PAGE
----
In the bottom left corner you'll see the floppy disc icon

4. Loops and Presets

Artists get a lot of grief for using loops and presets, and some people would consider it “cheating”, but the truth is that it’s just a great way to save time.

If I have a percussion loop that I love, but I’m scared to use because it’s a loop, all I’m doing is robbing a song of its potential. Don’t let your pride get in the way of making great music!

The same thing goes for presets. You’re not trying to invent the wheel here, you’re trying to write a song. With EDM nowadays it’s pretty hard to create a sound in Serum that hasn’t already been done in one way or another before. It’s not what you use, it’s how you use it. If you’re able to implement a preset into your song in a way that compliments the song, who cares if it’s a preset? Unique sound design is great, but it’s only one piece of the larger puzzle. It doesn’t define your song; it’s simply a device used to help convey a feeling to the listener. If the patch you’re using accomplishes the feeling you’re trying to achieve, use it!

This Rick and Morty Serum skin won't speed up your production workflow, but using presets will!

5. Organize Your Sample Library

It's just as grueling and painful as you imagine, but totally worth it. I spent about 12 hours one day completely reorganizing my sample library. I’ve come up with a hierarchy system that’s so simple to use that even my grandma could use it (and she just learned how to send emails!). This file directory is essentially broken down into two paths; loops and one-shots.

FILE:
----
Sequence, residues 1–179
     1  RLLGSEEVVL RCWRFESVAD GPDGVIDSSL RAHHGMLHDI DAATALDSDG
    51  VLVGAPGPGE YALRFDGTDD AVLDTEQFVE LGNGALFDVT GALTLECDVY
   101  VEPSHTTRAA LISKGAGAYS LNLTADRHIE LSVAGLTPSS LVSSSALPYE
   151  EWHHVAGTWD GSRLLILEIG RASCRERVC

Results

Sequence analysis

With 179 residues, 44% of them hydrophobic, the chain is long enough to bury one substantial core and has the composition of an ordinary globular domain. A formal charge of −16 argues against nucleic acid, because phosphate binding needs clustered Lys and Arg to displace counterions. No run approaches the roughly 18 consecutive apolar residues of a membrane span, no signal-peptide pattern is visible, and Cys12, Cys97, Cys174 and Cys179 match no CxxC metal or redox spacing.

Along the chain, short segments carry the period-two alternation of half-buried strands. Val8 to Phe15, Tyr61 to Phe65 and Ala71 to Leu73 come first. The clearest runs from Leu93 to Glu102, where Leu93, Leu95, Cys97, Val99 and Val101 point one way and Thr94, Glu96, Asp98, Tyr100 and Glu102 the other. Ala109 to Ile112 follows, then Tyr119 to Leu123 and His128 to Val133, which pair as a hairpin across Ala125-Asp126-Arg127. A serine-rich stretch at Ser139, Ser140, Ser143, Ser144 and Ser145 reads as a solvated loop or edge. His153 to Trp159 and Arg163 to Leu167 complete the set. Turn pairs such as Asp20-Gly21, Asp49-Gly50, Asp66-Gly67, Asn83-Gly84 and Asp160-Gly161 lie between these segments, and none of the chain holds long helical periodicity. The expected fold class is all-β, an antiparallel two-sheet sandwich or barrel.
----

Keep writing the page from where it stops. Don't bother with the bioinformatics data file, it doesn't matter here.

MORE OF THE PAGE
If you find yourself using certain samples a lot, make a folder with your favorite samples in it! It’s kind of like making your own personalized sample pack. This will save you digging through a bottomless pit of Cymatics samples.

Sample library directory

6. Keybindings

Check out The EDM Artists Guide to Studio Gear for a full rundown of how I have my Ableton key commands bound to my Razer Naga Chroma Mouse. It has 17 bindable buttons, so it’s definitely worth checking out. This mouse is also awesome if you’re into gaming, as that's what its intended for. I’m going to keep buying these mice until Razer stops making them.

Razer Nage Chroma Mouse

By implementing these 6 workflow techniques, you're sure to speed up your workflow. If you have any additional techniques that you find useful, leave them in the comment section below!

Author:
Charles Hoffman

Charles is a Mixing and Mastering Engineer at Black Ghost Audio. After graduating from the University of Manitoba with an English degree, Charles continued his education at Icon Collective, a music production school based out of Los Angeles, CA. He is the founder of Black Ghost Audio, an audio engineering company that creates educational content for music producers. You can send him a work inquiry at www.blackghostaudio.com or contact charles@blackghostaudio.com.